Step Two: Ingredients

The Administration’s plan sounds a lot like trying to use frosting from a jar. A one-size-fits- all recipe spells disaster for the innovative place-based approaches we do so well. You can’t just take the Federal trend du jour and squeeze every program into the same size pan and slather on one kind of frosting.

I resonate with a concern aired by the author of a recent blog post on I on Poverty: “Soon, in-the-trenches anti-poverty practitioners with long experience, community-based organizations close to their clients, market-based programs with real revenues and real customers, and experimental, innovative initiatives with great promise may be written off as woolly-headed, undisciplined or unscalable simply because they are un-evaluated.”

So who should evaluate program success? Academics? Policymakers? Or those with a rich history and hands-on experience in providing community-based strategies that address identified needs? We at NASCSP argue strongly for the latter. We know what works and we know how to do it in each state and each community.

Step Three: Mix

Social service programs and block grants are just plain different from other types of federal programs. In a paper entitled Helping Hands for the Working Poor:  The Role of Nonprofits in Todayʹs Safety Net,  Scott W. Allard, Associate Professor, School of Social Service Administration, University of Chicago, argues that delivery of community-based social service programs is very different from delivery of cash assistance programs, “While welfare or food stamp benefits can be delivered directly to recipients through the mail or an electronic benefits transfer (EBT) card, most social services cannot be mailed or delivered directly to an individual at home.” Hence, the importance of place-based strategies, such as CSBG. The Administration would like to take a business model that just might work with categorical programs, and apply it to a block grant.

We need to ensure that the coming reform commits to ensuring that every community has a local agency to address its unique needs. As Allard says, “agencies embedded within high‐poverty communities also are believed to better grasp the needs of community residents and to be more trusted than agencies located in distant neighborhoods.” Research is also clear that different strategies work in different communities. The ability to “mix it up” as it were and be flexible is one of the strengths of the block grant model. We have to maintain that flexibility in CSBG.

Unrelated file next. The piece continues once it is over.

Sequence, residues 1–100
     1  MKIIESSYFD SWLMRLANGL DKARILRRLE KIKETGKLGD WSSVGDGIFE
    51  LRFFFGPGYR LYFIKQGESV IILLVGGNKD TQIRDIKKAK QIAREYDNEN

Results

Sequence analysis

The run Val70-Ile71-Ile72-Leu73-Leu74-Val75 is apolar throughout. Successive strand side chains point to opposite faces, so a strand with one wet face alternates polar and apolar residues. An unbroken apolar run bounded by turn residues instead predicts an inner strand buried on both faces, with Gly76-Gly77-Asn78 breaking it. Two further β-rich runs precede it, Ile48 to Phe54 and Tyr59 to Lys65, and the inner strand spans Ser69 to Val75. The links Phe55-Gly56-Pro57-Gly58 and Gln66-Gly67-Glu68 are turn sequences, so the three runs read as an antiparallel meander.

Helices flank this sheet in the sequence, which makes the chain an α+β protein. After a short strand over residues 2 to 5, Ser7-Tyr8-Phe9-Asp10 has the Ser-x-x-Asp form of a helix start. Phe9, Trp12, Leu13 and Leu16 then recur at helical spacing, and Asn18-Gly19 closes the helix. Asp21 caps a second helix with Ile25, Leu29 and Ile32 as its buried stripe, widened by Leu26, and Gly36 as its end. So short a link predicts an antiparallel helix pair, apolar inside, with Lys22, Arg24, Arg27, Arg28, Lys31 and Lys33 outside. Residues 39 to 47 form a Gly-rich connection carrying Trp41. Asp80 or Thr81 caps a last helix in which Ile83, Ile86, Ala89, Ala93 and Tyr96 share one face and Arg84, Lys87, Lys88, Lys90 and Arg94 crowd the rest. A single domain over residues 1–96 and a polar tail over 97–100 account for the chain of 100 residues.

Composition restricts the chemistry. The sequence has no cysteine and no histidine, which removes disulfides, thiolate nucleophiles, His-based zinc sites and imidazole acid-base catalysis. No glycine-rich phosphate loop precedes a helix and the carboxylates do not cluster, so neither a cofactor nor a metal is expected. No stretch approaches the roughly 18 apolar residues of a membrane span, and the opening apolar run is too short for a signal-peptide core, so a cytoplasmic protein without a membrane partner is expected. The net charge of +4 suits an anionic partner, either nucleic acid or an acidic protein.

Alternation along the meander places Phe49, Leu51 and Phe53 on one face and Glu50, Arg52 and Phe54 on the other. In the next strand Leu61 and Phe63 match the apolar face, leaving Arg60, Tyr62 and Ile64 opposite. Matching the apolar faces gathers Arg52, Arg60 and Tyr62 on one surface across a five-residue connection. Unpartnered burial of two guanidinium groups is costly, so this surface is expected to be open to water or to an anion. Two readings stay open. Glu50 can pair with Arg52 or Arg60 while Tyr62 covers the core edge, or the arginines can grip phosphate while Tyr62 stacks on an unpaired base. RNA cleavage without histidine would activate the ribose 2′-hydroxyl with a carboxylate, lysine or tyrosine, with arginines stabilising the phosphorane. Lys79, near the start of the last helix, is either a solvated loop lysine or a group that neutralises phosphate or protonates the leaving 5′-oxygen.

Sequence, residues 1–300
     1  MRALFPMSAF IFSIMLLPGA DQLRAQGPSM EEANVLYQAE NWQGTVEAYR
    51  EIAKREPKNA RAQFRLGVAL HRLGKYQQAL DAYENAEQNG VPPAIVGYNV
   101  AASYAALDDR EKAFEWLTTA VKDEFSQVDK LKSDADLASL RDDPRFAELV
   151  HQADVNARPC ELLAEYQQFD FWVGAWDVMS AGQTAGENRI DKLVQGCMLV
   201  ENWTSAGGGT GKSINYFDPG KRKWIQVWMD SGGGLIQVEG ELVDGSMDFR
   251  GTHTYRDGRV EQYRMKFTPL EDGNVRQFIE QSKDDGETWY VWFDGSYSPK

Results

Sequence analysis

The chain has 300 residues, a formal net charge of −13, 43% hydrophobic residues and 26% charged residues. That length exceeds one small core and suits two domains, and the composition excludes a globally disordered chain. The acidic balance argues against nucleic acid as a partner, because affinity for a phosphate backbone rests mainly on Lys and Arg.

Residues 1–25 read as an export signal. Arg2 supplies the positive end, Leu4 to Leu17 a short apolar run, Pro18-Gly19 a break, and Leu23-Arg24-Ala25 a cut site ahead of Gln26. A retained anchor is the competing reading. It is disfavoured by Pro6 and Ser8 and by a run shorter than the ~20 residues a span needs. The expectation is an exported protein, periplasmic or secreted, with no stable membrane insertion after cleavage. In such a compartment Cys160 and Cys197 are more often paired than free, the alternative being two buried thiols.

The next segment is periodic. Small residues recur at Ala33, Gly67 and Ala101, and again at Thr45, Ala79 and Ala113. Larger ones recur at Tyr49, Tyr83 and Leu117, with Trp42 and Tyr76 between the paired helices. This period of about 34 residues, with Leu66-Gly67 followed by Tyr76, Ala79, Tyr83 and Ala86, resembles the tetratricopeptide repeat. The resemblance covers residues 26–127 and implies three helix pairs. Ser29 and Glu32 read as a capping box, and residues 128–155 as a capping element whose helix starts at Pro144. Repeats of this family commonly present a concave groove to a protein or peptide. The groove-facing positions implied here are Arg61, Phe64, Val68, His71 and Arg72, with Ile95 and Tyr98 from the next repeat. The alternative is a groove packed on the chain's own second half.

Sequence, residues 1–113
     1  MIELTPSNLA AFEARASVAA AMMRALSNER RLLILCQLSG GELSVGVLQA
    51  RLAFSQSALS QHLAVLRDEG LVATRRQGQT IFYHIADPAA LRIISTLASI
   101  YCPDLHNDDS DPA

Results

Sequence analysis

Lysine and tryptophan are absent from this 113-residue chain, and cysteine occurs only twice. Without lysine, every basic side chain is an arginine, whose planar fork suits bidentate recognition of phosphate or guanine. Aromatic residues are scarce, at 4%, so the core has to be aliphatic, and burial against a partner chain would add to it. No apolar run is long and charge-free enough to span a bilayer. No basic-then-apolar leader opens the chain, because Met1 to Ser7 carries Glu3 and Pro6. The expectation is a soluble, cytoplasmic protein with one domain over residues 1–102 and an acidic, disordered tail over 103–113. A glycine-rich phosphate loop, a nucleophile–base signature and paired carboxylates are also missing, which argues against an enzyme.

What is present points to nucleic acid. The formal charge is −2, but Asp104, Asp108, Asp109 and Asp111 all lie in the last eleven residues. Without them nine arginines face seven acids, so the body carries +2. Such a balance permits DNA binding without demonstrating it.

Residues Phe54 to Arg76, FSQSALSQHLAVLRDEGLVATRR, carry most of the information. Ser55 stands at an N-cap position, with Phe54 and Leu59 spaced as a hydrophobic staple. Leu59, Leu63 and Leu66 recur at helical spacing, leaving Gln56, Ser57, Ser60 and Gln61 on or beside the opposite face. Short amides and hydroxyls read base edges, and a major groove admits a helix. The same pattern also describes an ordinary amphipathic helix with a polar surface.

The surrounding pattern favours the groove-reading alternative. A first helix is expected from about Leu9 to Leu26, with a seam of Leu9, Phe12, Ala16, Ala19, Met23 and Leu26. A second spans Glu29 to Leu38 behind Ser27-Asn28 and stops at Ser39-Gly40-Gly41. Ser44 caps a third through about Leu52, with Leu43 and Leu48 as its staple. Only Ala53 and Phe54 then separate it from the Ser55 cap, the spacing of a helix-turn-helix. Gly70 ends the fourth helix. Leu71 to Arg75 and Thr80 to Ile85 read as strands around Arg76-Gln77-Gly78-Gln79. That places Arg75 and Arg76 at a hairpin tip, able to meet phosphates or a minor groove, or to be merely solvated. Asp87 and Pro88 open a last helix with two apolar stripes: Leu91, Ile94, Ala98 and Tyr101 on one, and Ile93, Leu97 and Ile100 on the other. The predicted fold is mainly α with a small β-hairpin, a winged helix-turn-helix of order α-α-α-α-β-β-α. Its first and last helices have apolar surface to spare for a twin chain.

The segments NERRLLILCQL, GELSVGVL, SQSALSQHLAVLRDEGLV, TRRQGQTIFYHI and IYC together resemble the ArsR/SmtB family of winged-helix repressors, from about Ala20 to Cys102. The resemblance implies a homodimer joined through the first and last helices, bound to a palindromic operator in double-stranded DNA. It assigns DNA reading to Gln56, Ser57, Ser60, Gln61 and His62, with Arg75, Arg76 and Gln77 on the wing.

It’s a major challenge to get the Administration to understand who we are and what we do. They have a hard time hearing us over the shouting about deficit reduction. The fact is we’re a unique block grant and we can’t be easily lumped in among every other social and categorical federal program. We’re the experts on what success looks like in anti-poverty efforts. CSBG works as a strategy because it’s place-based, community-led, state-managed, and frankly, good at what it does.

Step 4: Get to work

So, here are some general principles that the NASCSP board is committed to getting the Administration to understand:

  • This country needs a renewed commitment to ending poverty. The goal of ending poverty, not of delivering goods and services, should be the focus of all our efforts, research, and evaluation.
  • We agree with the Administration that the only way to know if we’re getting any traction in our efforts is to measure our success.
  • The research supports that local, community-based approaches work best at ending poverty.
  • State flexibility is crucial for creating great local solutions.
  • Agencies can and should be held to performance standards. Competition for CSBG funds won’t bring about new positive changes in CAAs and other service providers.  Why? They already compete for the majority of their funding.  Overall, in Community Action programs across the country, 6.5% of funding was from CSBG, other federal funding was 69% and State funding was 10% of agency budgets last year.  Local and private funding, which are very competitive, totaled 14.5%.

Step Five: The Payoff

Our cake has to serve a lot of people; over 23 million people a year, actually. That’s a lot of cake! Our data shows that over the past year, thanks to CSBG strategies, more low-income people than ever obtained employment, increased their education, and built their assets. Now that’s really saying something during an economic recession.

We support the Administration’s efforts to improve service delivery. But let’s stay focused on the important thing – ending poverty. Everything else is just icing on the cake.

1Allard, Scott W. http://goo.gl/jlUFf.